Pakistan's cricket chief said Thursday he had offered to host qualifiers for the 2019 World Cup despite a four-year suspension of international cricket in the country over security fears.
Pakistan has not staged any top-level cricket since militants attacked the Sri Lankan team in Lahore in March 2009, killing eight people and wounding seven visiting players.
Foreign teams have shunned tours to the troubled country over security fears, forcing the International Cricket Council (ICC) to shift Pakistan's share of matches for the World Cup in 2011.
Pakistan Cricket Board (PCB) chairman Zaka Ashraf said he wanted the world to gauge the security situation in Pakistan.
"We have requested that the World Cup qualifiers 2018 should be given to us so that everyone can evaluate the security situation," Ashraf told reporters.
The 2019 World Cup will be held in England.
Ashraf claimed the ICC had given a commitment to assess the security situation when the time comes and "will decide accordingly".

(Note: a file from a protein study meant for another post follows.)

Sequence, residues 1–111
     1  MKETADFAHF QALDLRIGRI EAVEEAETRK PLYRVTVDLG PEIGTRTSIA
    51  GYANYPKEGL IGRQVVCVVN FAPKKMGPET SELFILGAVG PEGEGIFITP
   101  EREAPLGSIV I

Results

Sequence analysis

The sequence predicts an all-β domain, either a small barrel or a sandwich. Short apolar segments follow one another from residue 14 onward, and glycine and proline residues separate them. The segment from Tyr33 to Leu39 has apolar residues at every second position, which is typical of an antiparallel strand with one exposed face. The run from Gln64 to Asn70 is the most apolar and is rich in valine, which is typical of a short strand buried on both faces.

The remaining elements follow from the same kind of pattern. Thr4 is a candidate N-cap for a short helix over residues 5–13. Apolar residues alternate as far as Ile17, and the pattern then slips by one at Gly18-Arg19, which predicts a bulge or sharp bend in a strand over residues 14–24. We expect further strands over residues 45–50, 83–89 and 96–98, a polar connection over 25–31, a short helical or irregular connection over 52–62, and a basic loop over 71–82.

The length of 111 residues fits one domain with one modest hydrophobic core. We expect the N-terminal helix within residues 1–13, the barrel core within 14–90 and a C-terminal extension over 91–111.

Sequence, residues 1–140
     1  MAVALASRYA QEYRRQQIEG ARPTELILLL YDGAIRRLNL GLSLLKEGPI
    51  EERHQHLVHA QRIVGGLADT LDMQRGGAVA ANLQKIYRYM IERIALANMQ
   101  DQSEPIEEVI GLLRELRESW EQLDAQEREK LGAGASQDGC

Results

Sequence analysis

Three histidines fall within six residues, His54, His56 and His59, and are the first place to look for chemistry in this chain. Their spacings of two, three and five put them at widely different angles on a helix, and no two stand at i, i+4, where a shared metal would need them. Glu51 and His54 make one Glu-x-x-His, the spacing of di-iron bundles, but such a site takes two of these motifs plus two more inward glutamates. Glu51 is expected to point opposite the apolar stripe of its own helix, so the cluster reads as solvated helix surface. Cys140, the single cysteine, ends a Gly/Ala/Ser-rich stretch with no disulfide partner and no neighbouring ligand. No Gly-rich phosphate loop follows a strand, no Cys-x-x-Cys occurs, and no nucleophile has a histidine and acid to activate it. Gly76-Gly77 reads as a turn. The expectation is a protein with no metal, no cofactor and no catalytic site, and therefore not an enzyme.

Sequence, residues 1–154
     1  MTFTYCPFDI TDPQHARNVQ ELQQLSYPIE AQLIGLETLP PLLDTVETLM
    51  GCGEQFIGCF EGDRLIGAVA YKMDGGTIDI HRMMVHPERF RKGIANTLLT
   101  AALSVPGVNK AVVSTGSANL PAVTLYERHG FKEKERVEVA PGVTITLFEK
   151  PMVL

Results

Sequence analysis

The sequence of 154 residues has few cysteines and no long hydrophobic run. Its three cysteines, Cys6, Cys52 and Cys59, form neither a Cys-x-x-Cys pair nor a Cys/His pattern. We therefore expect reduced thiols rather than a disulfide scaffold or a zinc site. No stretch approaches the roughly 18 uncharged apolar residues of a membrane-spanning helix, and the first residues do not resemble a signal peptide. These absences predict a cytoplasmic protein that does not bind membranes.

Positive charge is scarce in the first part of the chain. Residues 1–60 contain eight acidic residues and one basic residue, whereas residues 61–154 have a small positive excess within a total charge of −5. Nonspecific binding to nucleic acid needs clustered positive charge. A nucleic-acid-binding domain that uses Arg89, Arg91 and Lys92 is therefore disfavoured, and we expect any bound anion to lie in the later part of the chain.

Ashraf's efforts to revive international cricket in Pakistan have been so far futile. Lowly ranked Bangladesh twice refused to tour over security fears last year, after initially agreeing for a short limited over series.
"Most of the countries are reluctant when they hear the name of Pakistan, especially after the Bangladesh ran away. They think when Bangladesh did not come how could they tour," said Ashraf.
Pakistan last year managed to host an International World XI comprising mostly of retired players from Sri Lanka, South Africa and the West Indies, but the short series failed to restore the confidence of international teams.